There are rumors that some sort of new iMac will be introduced at WWDC this year, that not only will be a bump in specs but an actual design change. The rumor is the machine will have limited bezels like the iPad Pro design language, switch to AMD Navi GPU, and finally drop the Fusion Drive. While all of these changes sound great, the timing of releasing a new iMac seems a little off considering all indications is that Apple plans to switch to ARM processors in its Macs sooner rather than later. So, would it be worth getting a new iMac if it's announced at WWDC?
The last iMac upgrade
Apple hasn't fundamentally changed the design of the iMac since 2007 — that's 13 years of the same design language. As Apple has been doing its best to make bezels smaller on all of its devices, the iMac (and the iMac Pro) stand out of its lineup like a sore thumb. If there's anything to get excited about with this rumor, it's for a change-up in the design to make it more modern and less clunky looking.
In March of 2019 was the last time Apple updated the iMac lineup. The upgrade was all just internal specs, giving consumers the option of 8th and 9th generation Coffee Lake processors and upgraded Radeon Pro graphics, all of which were better than the previous models that were released two years prior. Two years seems to be the standard for a spec bump in the iMac lineup, so coming out with a new iMac this year looks like odd timing.
The biggest question is whether a new iMac makes sense to buy when Apple seems to be transitioning into ARM processors, maybe even as early as later this year.
Should you wait for an ARM iMac?
The answer isn't apparent. On the one hand, if you love the all-in-one design of the iMac and have been holding on to the same 2017 or 2015 model for the past few years, you're likely dying for a significant upgrade. If you have the 2019 iMac, who might want the new design (who wouldn't), but its probably a less dire update than someone who has waited longer.
On the flip side, the ARM Macs are coming at some point, when that is no one knows for sure. If Apple is planning on upgraded its iMac lineup before ARM processors become the new normal, it's not unreasonable to think that the iMac may be one of the last products to get the new processors. This could mean that if you choose to wait for an ARM, iMac will result in a very long waiting period for some customers.
There's also the question of how stable or good quality the new processors will be right at launch. As with most new technology, it's usually a good idea for the average consumer to wait a bit to see if there are any bugs or kinks that need to be worked out. Would you be willing to upgrade to an ARM iMac if you were going to be the guinea pig to see how it all works out?
Either way, the answer is really up to you. Do you feel like you need an updated iMac the moment you can get it? Or, can you wait possibly another 1-3 years to see if the ARM iMac is worth your time?
What do you think?
Let us know in the comments down below!
Luke Filipowicz has been a writer at iMore, covering Apple for nearly a decade now. He writes a lot about Apple Watch and iPad but covers the iPhone and Mac as well. He often describes himself as an "Apple user on a budget" and firmly believes that great technology can be affordable if you know where to look. Luke also heads up the iMore Show — a weekly podcast focusing on Apple news, rumors, and products but likes to have some fun along the way.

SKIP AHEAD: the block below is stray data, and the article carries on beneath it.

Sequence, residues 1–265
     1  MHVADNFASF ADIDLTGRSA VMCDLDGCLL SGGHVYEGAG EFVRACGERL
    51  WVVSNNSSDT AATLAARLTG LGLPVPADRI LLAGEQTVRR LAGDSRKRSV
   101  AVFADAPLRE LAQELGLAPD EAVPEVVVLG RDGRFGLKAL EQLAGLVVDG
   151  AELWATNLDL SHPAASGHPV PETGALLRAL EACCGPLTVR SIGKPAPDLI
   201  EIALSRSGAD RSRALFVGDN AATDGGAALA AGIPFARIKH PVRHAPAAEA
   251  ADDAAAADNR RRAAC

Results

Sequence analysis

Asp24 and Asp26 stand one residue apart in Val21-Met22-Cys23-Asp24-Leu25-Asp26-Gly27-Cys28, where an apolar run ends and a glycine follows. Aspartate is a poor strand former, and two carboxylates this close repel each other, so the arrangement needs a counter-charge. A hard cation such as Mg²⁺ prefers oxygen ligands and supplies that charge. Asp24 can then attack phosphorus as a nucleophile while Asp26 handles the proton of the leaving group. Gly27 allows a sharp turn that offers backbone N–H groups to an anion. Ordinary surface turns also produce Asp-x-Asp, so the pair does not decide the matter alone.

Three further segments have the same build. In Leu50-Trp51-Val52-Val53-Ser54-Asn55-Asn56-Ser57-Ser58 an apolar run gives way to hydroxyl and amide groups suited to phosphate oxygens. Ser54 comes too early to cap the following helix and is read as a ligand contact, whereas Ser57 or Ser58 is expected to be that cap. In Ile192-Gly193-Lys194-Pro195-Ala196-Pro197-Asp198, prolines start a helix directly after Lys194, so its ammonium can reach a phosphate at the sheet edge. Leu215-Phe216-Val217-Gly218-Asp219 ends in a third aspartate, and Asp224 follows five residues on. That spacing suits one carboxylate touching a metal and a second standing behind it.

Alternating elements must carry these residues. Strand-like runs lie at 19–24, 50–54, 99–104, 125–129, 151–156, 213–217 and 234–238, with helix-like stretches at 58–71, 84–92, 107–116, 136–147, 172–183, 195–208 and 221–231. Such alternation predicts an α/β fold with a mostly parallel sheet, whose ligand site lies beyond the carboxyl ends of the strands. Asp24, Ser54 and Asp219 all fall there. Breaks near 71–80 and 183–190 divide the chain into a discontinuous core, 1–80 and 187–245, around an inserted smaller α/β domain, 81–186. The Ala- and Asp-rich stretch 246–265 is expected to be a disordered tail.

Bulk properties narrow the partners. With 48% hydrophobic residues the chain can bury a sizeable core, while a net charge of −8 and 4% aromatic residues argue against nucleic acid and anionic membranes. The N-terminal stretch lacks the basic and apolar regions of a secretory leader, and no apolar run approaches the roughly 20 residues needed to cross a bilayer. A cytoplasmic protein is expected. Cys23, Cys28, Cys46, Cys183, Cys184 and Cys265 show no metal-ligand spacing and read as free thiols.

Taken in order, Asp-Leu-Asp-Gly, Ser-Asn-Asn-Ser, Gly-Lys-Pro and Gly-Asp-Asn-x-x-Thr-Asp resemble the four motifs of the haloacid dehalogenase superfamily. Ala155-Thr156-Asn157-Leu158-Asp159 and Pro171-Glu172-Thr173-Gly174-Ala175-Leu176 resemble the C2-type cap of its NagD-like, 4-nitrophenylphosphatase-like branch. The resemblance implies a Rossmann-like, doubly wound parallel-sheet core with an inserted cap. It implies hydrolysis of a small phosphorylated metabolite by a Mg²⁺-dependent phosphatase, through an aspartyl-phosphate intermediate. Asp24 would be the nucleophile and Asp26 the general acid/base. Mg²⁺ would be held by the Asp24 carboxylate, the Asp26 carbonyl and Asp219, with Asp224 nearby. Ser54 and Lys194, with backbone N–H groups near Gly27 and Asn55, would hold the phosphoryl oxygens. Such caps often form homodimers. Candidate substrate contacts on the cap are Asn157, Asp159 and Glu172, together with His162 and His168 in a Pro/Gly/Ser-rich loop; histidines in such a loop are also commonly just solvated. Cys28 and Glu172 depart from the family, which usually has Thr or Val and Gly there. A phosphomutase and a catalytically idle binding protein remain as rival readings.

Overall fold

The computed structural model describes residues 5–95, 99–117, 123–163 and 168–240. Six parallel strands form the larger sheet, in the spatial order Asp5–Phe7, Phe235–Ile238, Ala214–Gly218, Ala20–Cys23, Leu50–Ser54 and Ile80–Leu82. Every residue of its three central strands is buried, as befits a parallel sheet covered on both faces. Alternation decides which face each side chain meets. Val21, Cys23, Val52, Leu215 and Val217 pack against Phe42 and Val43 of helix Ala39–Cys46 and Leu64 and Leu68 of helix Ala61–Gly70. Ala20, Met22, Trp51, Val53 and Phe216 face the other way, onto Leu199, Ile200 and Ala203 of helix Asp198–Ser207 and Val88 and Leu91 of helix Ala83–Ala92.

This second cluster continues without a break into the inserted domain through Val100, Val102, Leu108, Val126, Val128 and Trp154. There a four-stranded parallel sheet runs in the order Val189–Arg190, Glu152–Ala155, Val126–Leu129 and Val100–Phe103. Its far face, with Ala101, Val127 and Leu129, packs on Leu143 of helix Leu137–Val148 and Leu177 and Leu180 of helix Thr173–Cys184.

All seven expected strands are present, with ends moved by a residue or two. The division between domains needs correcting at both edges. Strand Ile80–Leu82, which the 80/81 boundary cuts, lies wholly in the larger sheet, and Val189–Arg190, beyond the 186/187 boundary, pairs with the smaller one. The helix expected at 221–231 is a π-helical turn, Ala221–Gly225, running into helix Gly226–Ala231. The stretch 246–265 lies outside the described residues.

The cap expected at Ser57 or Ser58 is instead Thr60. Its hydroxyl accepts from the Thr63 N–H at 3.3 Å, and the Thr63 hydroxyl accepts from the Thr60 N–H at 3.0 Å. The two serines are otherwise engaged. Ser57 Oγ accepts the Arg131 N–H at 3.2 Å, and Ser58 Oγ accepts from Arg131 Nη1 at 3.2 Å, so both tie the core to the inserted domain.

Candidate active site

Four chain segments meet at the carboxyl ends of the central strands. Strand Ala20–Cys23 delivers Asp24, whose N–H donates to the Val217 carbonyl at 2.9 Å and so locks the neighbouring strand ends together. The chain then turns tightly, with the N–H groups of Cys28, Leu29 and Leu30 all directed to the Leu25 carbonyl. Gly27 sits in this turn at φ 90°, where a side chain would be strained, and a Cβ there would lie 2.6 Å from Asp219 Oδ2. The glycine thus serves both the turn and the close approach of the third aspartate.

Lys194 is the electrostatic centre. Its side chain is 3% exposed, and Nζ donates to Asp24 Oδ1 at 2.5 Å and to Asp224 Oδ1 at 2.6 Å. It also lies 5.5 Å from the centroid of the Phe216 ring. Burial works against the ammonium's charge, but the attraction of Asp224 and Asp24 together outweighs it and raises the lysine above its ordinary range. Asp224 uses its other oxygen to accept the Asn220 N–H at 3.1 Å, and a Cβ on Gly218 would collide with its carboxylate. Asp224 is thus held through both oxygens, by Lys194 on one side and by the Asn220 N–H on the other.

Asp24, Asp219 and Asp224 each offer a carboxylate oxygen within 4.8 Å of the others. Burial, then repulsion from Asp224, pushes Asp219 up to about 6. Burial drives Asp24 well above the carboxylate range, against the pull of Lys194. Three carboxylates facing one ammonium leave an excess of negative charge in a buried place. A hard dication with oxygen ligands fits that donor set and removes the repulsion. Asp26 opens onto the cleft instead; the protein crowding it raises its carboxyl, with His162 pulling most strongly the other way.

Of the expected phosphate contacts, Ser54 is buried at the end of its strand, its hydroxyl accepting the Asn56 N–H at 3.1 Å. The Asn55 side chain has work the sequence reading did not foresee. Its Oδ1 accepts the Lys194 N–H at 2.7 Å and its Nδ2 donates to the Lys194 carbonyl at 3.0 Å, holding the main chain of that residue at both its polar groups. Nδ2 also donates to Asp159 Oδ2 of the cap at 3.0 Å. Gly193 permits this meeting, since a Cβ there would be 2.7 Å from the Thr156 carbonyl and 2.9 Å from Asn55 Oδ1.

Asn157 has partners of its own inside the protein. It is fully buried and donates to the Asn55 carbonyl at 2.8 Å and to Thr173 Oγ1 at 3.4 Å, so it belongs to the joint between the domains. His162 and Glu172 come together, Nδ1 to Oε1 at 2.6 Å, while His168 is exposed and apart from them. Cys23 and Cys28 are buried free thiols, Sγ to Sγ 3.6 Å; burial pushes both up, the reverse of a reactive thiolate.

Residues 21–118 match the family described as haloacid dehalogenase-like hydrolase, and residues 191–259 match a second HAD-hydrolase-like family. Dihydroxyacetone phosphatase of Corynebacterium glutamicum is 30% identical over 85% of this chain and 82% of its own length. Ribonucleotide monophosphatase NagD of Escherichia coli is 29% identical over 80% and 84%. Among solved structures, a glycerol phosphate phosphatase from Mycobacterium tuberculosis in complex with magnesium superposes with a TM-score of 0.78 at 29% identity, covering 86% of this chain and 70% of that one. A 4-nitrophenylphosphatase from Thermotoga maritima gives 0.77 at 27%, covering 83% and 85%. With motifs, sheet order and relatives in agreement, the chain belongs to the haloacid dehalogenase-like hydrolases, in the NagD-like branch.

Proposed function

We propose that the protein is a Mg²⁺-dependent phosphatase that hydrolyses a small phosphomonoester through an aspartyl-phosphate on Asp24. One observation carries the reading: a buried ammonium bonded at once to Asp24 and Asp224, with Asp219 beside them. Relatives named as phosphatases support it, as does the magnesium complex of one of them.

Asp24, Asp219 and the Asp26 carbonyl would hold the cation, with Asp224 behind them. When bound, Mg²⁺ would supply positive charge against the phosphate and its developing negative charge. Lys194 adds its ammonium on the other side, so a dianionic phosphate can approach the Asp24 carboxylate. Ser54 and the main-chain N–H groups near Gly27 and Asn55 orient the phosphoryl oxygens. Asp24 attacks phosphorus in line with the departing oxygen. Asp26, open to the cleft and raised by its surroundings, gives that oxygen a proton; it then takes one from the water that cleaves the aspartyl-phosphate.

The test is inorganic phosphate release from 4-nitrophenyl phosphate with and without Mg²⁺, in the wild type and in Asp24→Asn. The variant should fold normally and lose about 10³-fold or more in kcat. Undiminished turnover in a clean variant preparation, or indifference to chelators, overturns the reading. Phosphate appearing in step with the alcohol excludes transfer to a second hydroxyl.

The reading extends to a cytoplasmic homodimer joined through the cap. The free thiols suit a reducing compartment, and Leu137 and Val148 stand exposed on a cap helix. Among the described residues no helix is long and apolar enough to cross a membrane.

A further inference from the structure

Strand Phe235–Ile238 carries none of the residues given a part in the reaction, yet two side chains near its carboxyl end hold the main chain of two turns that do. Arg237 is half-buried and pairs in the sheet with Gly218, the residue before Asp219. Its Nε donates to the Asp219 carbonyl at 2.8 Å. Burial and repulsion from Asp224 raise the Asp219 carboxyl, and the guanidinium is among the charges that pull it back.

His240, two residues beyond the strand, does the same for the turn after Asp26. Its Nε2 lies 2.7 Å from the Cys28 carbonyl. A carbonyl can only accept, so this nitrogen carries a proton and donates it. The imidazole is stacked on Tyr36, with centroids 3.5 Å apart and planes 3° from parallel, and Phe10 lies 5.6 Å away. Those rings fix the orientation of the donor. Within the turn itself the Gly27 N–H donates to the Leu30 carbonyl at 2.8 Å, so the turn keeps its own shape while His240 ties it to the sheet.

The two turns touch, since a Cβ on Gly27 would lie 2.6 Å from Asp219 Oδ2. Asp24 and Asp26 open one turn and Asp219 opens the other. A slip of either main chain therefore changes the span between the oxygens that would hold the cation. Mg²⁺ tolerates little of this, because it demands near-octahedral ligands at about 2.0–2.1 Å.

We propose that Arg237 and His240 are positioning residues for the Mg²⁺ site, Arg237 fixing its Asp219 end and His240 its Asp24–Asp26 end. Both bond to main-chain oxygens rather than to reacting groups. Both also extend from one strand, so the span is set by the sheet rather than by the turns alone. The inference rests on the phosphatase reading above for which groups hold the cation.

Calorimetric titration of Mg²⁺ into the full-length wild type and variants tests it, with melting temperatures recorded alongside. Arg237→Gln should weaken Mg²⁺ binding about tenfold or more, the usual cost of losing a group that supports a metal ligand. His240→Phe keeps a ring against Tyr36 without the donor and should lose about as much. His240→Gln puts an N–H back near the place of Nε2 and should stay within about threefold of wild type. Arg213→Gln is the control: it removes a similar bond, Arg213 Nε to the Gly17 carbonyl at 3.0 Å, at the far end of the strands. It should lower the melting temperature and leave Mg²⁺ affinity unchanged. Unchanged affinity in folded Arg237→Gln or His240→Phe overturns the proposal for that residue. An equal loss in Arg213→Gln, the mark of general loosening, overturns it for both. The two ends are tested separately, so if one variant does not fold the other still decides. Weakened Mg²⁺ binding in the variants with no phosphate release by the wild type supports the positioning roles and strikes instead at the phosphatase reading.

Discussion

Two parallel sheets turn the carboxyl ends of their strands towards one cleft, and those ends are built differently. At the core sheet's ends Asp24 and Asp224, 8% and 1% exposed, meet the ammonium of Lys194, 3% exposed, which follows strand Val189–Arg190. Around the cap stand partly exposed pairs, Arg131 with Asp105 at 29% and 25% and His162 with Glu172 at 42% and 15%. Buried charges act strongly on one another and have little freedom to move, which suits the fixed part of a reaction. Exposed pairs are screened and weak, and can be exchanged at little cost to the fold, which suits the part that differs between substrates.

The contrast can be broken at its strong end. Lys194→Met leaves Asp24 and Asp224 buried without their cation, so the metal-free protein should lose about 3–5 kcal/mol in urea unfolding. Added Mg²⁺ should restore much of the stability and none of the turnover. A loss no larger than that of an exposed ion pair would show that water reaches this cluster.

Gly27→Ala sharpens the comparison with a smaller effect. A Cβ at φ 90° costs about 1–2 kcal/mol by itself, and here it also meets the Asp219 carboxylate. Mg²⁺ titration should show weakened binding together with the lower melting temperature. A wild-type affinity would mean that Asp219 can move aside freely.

Luke knows he spends more time on Twitter than he probably should, so feel free to follow him or give him a shout on social media @LukeFilipowicz.
No, I will not wait for an ARM iMac. If a new iMac is introduced and still uses Intel I will trick it out for as much money I can afford, then sit back and wait for the carnage to pass during the transition period. The only non-Apple apps that are important to me are Microsoft 365 and Quicken. eMail and browsers are platform agnostic. Some have said an ARM Mac would nothing more than an expensive Chromebook.
"Some have said", doesn't sound like a very reliable source. I'm not sure exactly what ARM will bring to the Mac, but I'd rather wait and see what Apple says than read some fake news online and people's "negative opinions"
Is 'Design Language' actually a feature that matters, even in Apple-land? Isn't it more about performance, screen quality, etc? I feel like I stumbled through the looking-glass, and everybody looks at everything backwards, or at least, backwards compared to me. As the proud owner of a 2019 Mac Pro that cost way more than my car, I can tell you the way it *looks* has nothing to do with why I bought it.
Apple have always seen design as a very important thing. If you have an iMac sitting in your modern room, you want it to look nice, rather than it being something ugly you want to hide away like some computers are. That's not to say that the things you mentioned aren't important either
As a photographer I see no benefit going to ARM processing my images. I work on ultra-large images at deep resolution levels. Even my 2013 Mac Pro struggles with some of my images! If anything I likely jump to an AMD Threadripper based system (Are you listening Apple!) Intel costs to much for the higher thread count CPU's and don't offer any real performance benefit over AMD any more. Intel missed the window with 10 nm. 15" MacBook Pro TB & 13" Fn systems displays are failing due to the heat buildup damaging the T-CON logic, just look at iFixit!
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